The paper analyzes the costs and benefits of private participation in the electricity and water industries in SubSaharan Africa. Contrary to conventional wisdom, the participation of private unregulated firms in the supply of services for the middle class and poor is fairly common in the region. This private involvement reflects the extreme weakness of African governments. By contrast, service to the rich is provided by public utilities.
174.43 KB (pdf)
downloaded 2447 times
on the same regionResearch documentpublished in November 2023Research documentpublished in November 2023Infographicspublished in November 2023Vidéopublished in October 2023Vidéopublished in September 2023Vidéopublished in September 2023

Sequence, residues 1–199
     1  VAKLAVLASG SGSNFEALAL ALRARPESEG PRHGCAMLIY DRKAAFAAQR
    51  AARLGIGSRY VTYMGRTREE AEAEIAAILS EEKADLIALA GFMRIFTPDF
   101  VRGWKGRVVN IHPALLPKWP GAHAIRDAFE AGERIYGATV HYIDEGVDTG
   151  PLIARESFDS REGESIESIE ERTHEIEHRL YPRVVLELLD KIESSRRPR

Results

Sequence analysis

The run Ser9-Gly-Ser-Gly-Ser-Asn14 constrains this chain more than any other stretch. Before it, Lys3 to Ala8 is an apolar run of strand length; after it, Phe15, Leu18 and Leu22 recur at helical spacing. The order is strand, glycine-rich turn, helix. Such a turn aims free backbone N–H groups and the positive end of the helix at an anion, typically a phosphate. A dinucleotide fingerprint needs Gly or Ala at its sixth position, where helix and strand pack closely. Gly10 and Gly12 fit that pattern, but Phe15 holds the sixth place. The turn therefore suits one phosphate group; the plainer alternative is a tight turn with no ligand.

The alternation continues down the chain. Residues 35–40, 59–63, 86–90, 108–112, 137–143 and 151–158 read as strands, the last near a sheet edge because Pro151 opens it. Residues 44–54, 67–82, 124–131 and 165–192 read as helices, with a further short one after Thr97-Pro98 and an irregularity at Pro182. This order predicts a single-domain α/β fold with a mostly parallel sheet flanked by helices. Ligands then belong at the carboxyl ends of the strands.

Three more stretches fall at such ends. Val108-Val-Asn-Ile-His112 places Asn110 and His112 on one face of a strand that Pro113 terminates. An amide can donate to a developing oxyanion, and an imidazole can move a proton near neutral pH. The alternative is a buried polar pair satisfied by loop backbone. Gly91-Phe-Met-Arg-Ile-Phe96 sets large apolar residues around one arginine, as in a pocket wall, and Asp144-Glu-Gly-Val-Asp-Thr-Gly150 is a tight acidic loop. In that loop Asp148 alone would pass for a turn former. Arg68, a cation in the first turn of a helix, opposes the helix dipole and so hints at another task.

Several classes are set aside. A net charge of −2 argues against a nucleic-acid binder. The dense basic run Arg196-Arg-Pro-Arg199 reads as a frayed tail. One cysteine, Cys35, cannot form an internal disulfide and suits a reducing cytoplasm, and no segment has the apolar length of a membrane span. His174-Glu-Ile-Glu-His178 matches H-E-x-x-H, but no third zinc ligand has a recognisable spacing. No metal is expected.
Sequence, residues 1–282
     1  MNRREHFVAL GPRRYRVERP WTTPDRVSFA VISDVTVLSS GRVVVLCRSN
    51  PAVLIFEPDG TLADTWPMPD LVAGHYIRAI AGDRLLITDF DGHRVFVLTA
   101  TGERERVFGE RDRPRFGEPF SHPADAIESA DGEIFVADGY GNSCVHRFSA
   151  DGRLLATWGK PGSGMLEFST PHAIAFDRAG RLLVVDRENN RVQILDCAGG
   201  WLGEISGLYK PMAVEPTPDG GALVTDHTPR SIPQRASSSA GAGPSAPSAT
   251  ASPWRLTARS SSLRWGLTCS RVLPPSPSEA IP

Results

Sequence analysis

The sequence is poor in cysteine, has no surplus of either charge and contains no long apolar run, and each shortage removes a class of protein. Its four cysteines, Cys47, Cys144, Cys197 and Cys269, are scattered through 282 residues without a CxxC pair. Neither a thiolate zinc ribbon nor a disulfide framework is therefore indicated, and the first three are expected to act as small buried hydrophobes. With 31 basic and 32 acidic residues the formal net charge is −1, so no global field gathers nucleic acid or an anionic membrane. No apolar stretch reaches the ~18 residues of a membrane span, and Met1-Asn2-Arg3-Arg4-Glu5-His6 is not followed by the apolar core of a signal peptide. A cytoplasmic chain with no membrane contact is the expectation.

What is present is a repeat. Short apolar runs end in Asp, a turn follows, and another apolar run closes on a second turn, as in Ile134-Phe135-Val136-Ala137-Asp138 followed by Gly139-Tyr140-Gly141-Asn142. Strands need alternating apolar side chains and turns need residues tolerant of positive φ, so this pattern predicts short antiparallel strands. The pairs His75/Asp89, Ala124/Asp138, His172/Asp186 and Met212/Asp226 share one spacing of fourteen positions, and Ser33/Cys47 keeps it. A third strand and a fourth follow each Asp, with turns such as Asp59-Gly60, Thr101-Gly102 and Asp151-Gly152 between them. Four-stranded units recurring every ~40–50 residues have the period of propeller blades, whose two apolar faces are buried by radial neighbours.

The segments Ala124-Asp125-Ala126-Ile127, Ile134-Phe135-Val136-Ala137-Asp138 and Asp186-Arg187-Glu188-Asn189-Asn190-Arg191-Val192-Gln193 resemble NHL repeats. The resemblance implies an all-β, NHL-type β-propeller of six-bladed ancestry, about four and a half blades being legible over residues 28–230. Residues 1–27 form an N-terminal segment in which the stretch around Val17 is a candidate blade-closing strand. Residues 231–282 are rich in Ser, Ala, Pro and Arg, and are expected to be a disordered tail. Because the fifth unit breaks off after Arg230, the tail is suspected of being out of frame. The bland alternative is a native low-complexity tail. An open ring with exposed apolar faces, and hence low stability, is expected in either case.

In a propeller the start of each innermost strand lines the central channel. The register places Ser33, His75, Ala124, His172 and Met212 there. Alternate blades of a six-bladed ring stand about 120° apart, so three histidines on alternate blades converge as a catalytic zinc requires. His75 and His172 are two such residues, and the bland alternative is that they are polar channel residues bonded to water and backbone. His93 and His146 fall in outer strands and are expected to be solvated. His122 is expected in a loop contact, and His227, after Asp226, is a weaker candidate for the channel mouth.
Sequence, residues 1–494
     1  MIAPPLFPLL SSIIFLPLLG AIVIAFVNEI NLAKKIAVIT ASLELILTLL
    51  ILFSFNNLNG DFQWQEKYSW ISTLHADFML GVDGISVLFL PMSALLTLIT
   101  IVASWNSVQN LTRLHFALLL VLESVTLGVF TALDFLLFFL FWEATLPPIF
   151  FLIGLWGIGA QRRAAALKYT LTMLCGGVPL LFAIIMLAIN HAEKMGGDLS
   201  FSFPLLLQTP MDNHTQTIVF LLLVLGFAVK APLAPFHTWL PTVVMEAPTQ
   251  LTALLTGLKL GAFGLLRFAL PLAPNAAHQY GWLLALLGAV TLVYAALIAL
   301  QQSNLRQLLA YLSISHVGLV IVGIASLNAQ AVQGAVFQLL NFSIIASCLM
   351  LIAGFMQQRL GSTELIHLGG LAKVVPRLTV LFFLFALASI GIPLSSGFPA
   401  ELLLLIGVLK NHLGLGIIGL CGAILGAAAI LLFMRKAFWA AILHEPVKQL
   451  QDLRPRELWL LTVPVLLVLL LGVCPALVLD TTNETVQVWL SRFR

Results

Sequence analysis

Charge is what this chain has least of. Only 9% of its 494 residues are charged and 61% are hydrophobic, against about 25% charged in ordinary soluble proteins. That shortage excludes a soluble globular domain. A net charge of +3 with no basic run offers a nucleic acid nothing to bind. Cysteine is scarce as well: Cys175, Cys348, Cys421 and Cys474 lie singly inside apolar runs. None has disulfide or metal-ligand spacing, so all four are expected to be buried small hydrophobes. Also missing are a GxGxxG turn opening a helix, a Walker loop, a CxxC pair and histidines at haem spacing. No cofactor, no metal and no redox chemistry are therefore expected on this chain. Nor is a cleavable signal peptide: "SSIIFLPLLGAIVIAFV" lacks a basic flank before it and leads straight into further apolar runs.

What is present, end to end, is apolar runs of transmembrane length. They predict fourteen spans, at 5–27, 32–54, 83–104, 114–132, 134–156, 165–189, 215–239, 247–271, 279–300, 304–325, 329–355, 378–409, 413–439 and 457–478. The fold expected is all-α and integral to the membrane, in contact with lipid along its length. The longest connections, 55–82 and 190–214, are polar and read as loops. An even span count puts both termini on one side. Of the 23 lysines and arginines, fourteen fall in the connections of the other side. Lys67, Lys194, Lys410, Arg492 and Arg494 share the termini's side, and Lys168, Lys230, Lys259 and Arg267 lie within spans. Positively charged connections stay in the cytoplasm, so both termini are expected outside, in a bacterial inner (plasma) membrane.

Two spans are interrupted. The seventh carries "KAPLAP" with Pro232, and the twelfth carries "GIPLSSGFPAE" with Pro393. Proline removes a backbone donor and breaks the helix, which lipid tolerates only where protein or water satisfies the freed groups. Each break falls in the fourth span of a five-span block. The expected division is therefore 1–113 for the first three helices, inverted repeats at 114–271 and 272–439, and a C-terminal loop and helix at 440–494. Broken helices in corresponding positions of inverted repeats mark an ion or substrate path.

on the same topicVidéopublished in November 2023Vidéopublished in August 2023Institutional documentReviews and Activity Reportspublished in March 2023Institutional documentFinancing and Programspublished in February 2023Vidéopublished in December 2022Specialized PublicationsGuides and Practical Toolspublished in September 2022
from the same collectionResearch documentpublished in December 2014Research documentpublished in March 2014Research documentSouth-South cooperation and new agricultural development aid actors in western and southern Africa - China and Brazil - Case studiespublished in May 2013Research documentpublished in April 2013Research documentpublished in April 2013Research documentpublished in August 2012